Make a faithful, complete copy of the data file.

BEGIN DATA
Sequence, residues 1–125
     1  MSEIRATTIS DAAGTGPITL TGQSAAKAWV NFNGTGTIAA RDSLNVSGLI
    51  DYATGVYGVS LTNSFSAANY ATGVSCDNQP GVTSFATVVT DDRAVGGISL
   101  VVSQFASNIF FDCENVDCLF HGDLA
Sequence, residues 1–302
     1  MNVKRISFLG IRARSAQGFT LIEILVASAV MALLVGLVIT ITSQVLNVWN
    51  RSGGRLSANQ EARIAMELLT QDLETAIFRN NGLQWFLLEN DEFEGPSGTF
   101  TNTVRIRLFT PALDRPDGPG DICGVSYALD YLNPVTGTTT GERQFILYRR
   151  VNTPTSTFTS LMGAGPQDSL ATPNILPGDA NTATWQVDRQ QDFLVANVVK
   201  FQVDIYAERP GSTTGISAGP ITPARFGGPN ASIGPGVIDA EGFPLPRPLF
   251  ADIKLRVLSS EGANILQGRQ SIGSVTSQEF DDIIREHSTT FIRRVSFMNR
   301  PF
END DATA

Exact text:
Sequence, residues 1–125
     1  MSEIRATTIS DAAGTGPITL TGQSAAKAWV NFNGTGTIAA RDSLNVSGLI
    51  DYATGVYGVS LTNSFSAANY ATGVSCDNQP GVTSFATVVT DDRAVGGISL
   101  VVSQFASNIF FDCENVDCLF HGDLA
Sequence, residues 1–302
     1  MNVKRISFLG IRARSAQGFT LIEILVASAV MALLVGLVIT ITSQVLNVWN
    51  RSGGRLSANQ EARIAMELLT QDLETAIFRN NGLQWFLLEN DEFEGPSGTF
   101  TNTVRIRLFT PALDRPDGPG DICGVSYALD YLNPVTGTTT GERQFILYRR
   151  VNTPTSTFTS LMGAGPQDSL ATPNILPGDA NTATWQVDRQ QDFLVANVVK
   201  FQVDIYAERP GSTTGISAGP ITPARFGGPN ASIGPGVIDA EGFPLPRPLF
   251  ADIKLRVLSS EGANILQGRQ SIGSVTSQEF DDIIREHSTT FIRRVSFMNR
   301  PF